Conclusion : Local maternal mortality ratios identified through a peer-review process indicate that the magnitude of the problem is much greater than is recognized through national death certificate data. The high proportion of potentially preventable maternal deaths indicates the need for improvement in both patient and provider education.

          

  • M.Fitzpatrick, M Behan, P.R. O’Connell and C O’Herlihy. (Dublin, Ireland)

    A randomized clinical trial comparing primary overlap with approximation repair of third-degree obstetric tears.

    Am J Obstet Gynecol, Nov.2000; 182: 1220-4

         

    Objective : Authors compared, in a prospective, randomized clinical trial, the subjective and objective outcomes after primary anal sphincter overlap or approximation repair of third degree obstetric tears.

          

    Study Design : In a prospective, randomized clinical trial, 112 primiparous women were studied, who sustained a third-degree tear during a 1-year period (July 1998-June 1999); they were randomly selected, at diagnosis, to receive either an overlap or an approximation repair. Obstetric personnel, trained in both methods, carried out the repairs immediately after delivery. Fifty-five women underwent an overlap procedure, and 57 women underwent an approximation repair. Outcome measures assessed were symptoms of fecal incontinence, abnormal findings on anal manometry, and abnormal findings of endoanal ultrasonography at 3 months post-partum.

         

    Conclusion : The outcome after primary repair of third-degree obstetric tear was similar whether an approximation or an overlap technique was used. Overall symptomatic outcome was good, although two thirds of women had ultrasonographic evidence of residual anal sphincter damage irrespective of the method of repair.

          

  • A Dilley, H Austin. M. El-Jamil, W Craig Hooper et al (Atlanta, Georgia and New Brunswick, New Jersey)

    Genetic factors associated with thrombosis in pregnancy in a United States population.

    Am J Obstet Gynecol, Nov.2000; 183: 1271-7

         

    Objective : Polymorphisms in the genes for factor V (factor V Leiden), prothrombin, methylenetetrahydrofolate reducatse, and angiotensin-converting enzyme have been associated with the occurrence of venous thrombosis. The objective of this study was to determine the relationships of these polymorphisms to thrombosis during pregnancy.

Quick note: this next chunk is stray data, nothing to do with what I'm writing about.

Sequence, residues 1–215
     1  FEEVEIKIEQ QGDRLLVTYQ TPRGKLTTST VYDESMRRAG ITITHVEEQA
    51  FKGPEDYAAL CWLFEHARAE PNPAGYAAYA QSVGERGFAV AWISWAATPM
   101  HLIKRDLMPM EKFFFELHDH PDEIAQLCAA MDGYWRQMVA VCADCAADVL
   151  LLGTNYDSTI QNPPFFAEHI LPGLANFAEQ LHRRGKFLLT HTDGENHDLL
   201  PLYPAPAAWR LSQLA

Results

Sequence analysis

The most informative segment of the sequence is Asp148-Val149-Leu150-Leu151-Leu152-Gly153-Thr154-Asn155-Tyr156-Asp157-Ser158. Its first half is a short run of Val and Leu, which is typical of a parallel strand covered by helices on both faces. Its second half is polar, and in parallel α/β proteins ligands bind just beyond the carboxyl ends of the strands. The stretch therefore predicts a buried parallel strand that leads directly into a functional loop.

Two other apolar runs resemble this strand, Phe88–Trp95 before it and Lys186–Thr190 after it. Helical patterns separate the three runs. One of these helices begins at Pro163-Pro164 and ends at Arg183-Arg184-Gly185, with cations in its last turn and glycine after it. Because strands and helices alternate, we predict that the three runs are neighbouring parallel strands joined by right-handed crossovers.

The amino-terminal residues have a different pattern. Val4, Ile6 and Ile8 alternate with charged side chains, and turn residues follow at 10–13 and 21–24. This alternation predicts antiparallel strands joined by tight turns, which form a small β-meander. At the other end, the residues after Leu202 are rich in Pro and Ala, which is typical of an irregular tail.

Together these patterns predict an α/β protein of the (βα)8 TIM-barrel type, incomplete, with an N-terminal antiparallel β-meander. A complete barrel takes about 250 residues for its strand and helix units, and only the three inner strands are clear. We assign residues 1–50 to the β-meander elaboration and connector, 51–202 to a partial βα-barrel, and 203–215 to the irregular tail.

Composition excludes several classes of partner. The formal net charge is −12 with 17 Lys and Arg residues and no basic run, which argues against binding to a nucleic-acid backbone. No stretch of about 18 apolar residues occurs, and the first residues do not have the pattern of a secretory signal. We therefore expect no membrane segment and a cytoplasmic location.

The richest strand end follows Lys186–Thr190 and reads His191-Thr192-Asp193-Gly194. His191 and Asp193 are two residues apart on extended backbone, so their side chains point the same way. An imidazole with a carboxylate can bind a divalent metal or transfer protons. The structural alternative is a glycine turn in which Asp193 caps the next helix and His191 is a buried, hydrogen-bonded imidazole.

Study Design : This case-control study included 41 case patients with venous thrombosis during pregnancy and 76 control subjects matched for hospital and for race (white vs black) who had a normal pregnancy.

         

    Conclusion : Women who had thrombotic complications during pregnancy demonstrated an increased prevalence of genetic mutations related to coagulation. The additional risk of thrombosis during pregnancy associated with such genetic mutations can be substantial.

         

  • M.E.A.Spaanderman, C. Willekes, A.P.G.Hoeks, et al (Maastricht, The Netherlands)

    The effect of pregnancy on the compliance of large arteries and veins in healthy parous control subjects and women with a history of preeclampsia.

    Am J Obstet Gynecol, Nov.2000; 183: 1278-86

           

    Objective : Early pregnancy is characterized by a fall in total peripheral vascular resistance. In this study, the hypothesis that this
    phe nomenon is accompanied by rising compliances of the large arteries and veins were studied.

          

    Study Design : In 42 women with a history of preeclampsia and 10 healthy parous control subjects, the following variables in the midfollicular phase and the midluteal phase during the menstrual cycle and again at 5 and at 7 weeks of amenorrhoea: cardiac output, mean arterial pressure, carotid and femoral artery compliances, and venous compliance. The total peripheral vascular resistance was determined as the ratio of mean arterial pressure and cardiac output. 

           

    After screening for thrombophilia and hypertension, women with a history of preeclampsia were divided into subgroups with hypertension, thrombophilic disorders, and no underlying abnormalities.

           

    Conclusions : These data support the concept that during normal pregnancy the fall in total peripheral vascular resistance is paralleled by improved macrovascular compliance. The latter adaptive change did not occur in women with a history of preeclampsia with hypertension or without an underlying disorder.

           

  • R Gonen, D Bader and M Ajami (Haifa, Israel)

    Effects of a policy of elective cesarean delivery in cases of suspected fetal macrosomia on the incidence of brachial plexus injury and the rate of cesarean delivery

    Am J Obstet Gynecol, Nov.2000; 183: 1296-300

           

    Objective : The aim of this study was to examine the effects of a policy of elective cesarean delivery for suspected fetal macrosomia on the incidence of brachial palsy and on the cesarean delivery rate.

           

    Study Design : Authors performed a retrospective assessment of a policy that recommends cesarean delivery for macrosomia (fetal weight ³4500g). Fetal weight was estimated by palpation, and ultrasonographic weight estimation was carried out whenever macrosomia was suspected.

           

    Results : During the 4 years of the study 16,416 deliveries resulted in 133 infants with macrosomia (0.8%). Macrosomia was suspected in 47 cases and confirmed by birth weight in 21 (45%). Antenatal estimation of fetal weight was carried out for 115 of the fetuses with macrosomia (86%). Macrosomia was correctly predicted in 21 of 115 cases (18.3%). Thirteen infants with undiagnosed macrosomia were delivered by emergency cesarean procedures, and 99 were delivered vaginally. Three infants with macrosomia (3%) and 14 infants without macrosomia (0.1%) sustained brachial plexus injury. Our policy prevented at most a single case